With Arab leaders (and Abbas) all likely to be in New York for U.N. General Assembly meetings later this month, Rice will have a perfect setting to work out a strategy for dealing with the Abbas problem. She should identify the options in advance, line up Arab support for Abbas staying in office -- something that should not be hard to do since Arab leaders are likely to fear both a Palestinian leadership void and the prospect of Hamas filling that void -- and then finalize the approach with Abbas.

At least two options could be pursued. First, have the Arab leaders and the Quartet members (the United States, the European Union, the United Nations and the Russians) endorse the Abbas decree on holding the presidential and legislative council elections simultaneously, provided he commits to staying in office until the elections are held. This could both give him cover and a reason for staying in office.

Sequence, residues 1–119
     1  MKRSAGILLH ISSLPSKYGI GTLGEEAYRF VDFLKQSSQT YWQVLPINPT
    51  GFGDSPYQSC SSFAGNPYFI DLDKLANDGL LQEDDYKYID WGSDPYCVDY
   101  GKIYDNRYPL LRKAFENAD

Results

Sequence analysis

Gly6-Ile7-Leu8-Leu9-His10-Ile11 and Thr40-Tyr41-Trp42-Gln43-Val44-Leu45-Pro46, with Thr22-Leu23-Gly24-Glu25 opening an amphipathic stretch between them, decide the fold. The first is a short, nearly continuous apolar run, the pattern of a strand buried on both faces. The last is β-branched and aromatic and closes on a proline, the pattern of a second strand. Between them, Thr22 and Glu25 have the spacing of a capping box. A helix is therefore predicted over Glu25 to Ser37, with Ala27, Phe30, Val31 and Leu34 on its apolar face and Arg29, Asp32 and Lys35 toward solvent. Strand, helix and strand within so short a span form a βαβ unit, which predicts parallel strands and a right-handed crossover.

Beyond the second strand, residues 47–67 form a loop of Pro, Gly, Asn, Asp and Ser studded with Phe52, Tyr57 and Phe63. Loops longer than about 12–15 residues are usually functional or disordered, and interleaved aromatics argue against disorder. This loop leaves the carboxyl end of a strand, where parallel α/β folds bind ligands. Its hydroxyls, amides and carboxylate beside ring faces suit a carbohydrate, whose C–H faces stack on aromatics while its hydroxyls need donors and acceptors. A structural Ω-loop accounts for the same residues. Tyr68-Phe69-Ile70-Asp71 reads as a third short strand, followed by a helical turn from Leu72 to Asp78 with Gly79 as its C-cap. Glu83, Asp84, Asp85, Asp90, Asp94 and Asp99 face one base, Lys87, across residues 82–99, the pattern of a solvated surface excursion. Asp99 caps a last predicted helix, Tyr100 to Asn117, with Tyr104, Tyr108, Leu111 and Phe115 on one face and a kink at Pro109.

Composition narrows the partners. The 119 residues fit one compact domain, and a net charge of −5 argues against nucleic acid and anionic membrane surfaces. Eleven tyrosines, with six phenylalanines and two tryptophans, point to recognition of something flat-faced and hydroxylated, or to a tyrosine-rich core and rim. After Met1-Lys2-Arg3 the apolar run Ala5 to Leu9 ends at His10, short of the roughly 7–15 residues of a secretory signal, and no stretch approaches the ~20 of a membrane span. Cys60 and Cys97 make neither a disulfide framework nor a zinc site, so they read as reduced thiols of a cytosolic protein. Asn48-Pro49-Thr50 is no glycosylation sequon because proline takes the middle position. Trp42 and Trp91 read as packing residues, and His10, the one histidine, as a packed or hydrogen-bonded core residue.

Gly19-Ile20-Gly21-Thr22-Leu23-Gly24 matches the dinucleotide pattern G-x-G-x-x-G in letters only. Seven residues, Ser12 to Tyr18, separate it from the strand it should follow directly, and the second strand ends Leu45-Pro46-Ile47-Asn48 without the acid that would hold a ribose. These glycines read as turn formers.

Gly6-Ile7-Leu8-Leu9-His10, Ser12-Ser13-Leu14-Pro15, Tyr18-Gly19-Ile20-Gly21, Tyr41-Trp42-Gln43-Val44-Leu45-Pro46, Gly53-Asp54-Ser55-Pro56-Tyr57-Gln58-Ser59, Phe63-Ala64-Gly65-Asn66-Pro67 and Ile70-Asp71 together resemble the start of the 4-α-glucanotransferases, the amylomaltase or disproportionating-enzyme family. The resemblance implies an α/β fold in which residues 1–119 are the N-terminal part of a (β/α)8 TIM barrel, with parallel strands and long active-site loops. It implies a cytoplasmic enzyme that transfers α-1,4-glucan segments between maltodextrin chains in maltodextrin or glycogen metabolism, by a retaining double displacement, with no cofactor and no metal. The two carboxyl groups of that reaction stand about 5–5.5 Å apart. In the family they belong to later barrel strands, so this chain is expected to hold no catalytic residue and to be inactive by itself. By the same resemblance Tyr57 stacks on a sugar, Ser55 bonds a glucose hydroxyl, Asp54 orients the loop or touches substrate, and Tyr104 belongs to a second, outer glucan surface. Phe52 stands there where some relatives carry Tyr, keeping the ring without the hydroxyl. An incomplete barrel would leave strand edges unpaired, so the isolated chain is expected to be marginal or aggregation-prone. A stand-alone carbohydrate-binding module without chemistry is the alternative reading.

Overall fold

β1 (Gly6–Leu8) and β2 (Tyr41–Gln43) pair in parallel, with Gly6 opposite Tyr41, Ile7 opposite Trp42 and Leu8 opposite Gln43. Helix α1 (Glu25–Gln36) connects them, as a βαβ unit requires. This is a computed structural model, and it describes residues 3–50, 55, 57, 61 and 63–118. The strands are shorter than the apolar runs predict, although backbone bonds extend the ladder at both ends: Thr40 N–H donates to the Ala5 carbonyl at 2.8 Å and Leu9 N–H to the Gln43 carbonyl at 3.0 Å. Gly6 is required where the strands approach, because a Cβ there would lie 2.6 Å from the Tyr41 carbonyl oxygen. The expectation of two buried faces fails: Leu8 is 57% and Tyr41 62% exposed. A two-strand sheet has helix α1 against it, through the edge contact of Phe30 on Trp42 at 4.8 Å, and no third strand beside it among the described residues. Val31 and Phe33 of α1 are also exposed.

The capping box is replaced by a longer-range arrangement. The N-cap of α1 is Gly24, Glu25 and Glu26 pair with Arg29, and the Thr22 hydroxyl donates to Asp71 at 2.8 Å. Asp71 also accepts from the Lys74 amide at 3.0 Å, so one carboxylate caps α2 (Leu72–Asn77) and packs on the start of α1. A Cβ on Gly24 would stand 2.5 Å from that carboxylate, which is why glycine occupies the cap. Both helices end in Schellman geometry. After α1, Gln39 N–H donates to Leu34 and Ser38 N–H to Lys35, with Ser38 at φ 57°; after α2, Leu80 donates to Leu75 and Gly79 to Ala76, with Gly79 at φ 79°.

Or, alternatively, try to seize the high ground and put Hamas on the defensive by having Abbas (with a public endorsement from Arab leaders and the Quartet) call for presidential elections to be held as soon as security conditions in Gaza permit. Those conditions would require at least some Palestinian Authority security presence, along with international observers to be in place to set rules, balloting locations and monitoring provisions to ensure the elections are free and fair and conducted without Hamas intimidation.